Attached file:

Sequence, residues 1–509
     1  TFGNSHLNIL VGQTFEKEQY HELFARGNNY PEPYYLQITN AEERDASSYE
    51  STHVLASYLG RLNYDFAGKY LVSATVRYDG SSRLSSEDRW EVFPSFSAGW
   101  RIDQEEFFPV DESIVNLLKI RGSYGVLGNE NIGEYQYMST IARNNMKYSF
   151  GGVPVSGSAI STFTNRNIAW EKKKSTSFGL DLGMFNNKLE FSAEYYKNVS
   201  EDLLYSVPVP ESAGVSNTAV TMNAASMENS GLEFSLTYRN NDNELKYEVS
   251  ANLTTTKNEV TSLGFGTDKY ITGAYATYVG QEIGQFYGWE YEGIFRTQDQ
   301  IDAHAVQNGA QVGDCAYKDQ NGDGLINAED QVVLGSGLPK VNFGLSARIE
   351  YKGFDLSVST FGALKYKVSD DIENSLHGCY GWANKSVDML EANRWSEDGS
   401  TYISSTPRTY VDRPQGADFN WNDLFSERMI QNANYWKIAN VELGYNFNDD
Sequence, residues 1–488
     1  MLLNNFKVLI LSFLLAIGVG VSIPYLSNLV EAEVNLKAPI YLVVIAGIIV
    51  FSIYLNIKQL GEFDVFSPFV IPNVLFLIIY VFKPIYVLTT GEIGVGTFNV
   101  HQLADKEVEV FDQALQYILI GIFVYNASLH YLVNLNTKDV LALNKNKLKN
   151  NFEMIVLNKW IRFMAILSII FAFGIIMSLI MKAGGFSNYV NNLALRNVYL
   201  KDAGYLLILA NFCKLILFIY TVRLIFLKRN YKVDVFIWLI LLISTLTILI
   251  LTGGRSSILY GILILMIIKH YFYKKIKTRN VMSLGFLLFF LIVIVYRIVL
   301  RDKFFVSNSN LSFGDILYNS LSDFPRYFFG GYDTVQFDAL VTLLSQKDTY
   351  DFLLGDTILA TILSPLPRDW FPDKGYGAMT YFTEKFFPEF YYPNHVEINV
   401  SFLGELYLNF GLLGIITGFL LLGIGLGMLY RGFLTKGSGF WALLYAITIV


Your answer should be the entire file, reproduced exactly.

Sequence, residues 1–509
     1  TFGNSHLNIL VGQTFEKEQY HELFARGNNY PEPYYLQITN AEERDASSYE
    51  STHVLASYLG RLNYDFAGKY LVSATVRYDG SSRLSSEDRW EVFPSFSAGW
   101  RIDQEEFFPV DESIVNLLKI RGSYGVLGNE NIGEYQYMST IARNNMKYSF
   151  GGVPVSGSAI STFTNRNIAW EKKKSTSFGL DLGMFNNKLE FSAEYYKNVS
   201  EDLLYSVPVP ESAGVSNTAV TMNAASMENS GLEFSLTYRN NDNELKYEVS
   251  ANLTTTKNEV TSLGFGTDKY ITGAYATYVG QEIGQFYGWE YEGIFRTQDQ
   301  IDAHAVQNGA QVGDCAYKDQ NGDGLINAED QVVLGSGLPK VNFGLSARIE
   351  YKGFDLSVST FGALKYKVSD DIENSLHGCY GWANKSVDML EANRWSEDGS
   401  TYISSTPRTY VDRPQGADFN WNDLFSERMI QNANYWKIAN VELGYNFNDD
Sequence, residues 1–488
     1  MLLNNFKVLI LSFLLAIGVG VSIPYLSNLV EAEVNLKAPI YLVVIAGIIV
    51  FSIYLNIKQL GEFDVFSPFV IPNVLFLIIY VFKPIYVLTT GEIGVGTFNV
   101  HQLADKEVEV FDQALQYILI GIFVYNASLH YLVNLNTKDV LALNKNKLKN
   151  NFEMIVLNKW IRFMAILSII FAFGIIMSLI MKAGGFSNYV NNLALRNVYL
   201  KDAGYLLILA NFCKLILFIY TVRLIFLKRN YKVDVFIWLI LLISTLTILI
   251  LTGGRSSILY GILILMIIKH YFYKKIKTRN VMSLGFLLFF LIVIVYRIVL
   301  RDKFFVSNSN LSFGDILYNS LSDFPRYFFG GYDTVQFDAL VTLLSQKDTY
   351  DFLLGDTILA TILSPLPRDW FPDKGYGAMT YFTEKFFPEF YYPNHVEINV
   401  SFLGELYLNF GLLGIITGFL LLGIGLGMLY RGFLTKGSGF WALLYAITIV